Double the air pressure in the intake, and you almost double the power available without changing the engine displacement. Whether you’re trying to squeeze more torque from a racing car, or you’re trying to use a smaller engine to do the job of a bigger one for overall fuel efficiency, the reasons for turbocharging a gas or diesel engine are compelling.
The engineering challenges can also be compelling. Designing a turbocharger that matches well to a particular engine over requisite drive cycles (for automotive applications) or duty cycles (for industrial engines) is an extremely difficult task. Add to this mix transient lags, waste gate or vane controls, intercooler sizing, knock and emissions control systems, and variable valve timing, and the need to perform rapid simulations at multiple levels of detail becomes critically important to success.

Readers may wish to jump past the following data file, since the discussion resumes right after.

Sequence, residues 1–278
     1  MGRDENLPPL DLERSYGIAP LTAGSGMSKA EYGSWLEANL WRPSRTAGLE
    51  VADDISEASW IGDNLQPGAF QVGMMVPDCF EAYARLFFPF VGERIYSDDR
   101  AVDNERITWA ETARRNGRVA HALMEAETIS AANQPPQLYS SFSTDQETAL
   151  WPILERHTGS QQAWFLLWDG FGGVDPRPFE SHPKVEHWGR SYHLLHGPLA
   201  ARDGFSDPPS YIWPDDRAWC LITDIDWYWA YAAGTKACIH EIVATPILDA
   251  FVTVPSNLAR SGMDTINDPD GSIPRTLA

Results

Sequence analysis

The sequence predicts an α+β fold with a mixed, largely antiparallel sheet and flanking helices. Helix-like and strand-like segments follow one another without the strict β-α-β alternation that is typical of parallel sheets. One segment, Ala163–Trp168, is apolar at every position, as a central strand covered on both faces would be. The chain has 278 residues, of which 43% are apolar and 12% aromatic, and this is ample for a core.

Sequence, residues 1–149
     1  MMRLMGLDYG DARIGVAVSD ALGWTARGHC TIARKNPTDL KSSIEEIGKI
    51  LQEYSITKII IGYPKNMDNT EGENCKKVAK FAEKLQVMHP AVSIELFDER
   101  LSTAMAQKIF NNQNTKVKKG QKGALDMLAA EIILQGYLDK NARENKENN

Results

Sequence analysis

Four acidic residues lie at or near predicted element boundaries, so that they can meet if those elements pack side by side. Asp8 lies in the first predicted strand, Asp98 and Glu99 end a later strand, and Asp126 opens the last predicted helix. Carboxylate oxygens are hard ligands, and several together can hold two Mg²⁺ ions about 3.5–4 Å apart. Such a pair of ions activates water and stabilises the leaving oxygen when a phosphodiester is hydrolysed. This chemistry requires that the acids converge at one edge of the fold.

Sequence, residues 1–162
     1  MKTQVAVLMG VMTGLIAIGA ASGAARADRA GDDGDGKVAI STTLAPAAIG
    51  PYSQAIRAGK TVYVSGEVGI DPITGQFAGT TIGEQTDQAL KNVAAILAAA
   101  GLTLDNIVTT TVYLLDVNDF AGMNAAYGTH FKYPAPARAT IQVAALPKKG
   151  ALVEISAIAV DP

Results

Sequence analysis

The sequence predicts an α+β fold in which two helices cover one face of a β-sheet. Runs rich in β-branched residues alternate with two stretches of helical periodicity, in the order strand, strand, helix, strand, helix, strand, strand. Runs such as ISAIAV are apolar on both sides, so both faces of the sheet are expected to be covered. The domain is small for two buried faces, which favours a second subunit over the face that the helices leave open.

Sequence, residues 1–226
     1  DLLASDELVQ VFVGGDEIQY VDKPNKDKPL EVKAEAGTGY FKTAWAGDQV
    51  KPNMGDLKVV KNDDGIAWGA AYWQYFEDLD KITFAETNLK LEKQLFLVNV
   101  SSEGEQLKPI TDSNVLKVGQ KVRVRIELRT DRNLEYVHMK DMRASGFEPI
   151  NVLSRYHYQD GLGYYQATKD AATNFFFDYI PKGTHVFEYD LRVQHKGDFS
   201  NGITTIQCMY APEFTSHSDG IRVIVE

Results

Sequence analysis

Two sets of sample problems are available to demonstrate such simulation capabilities:
An extension of: IC Engine Model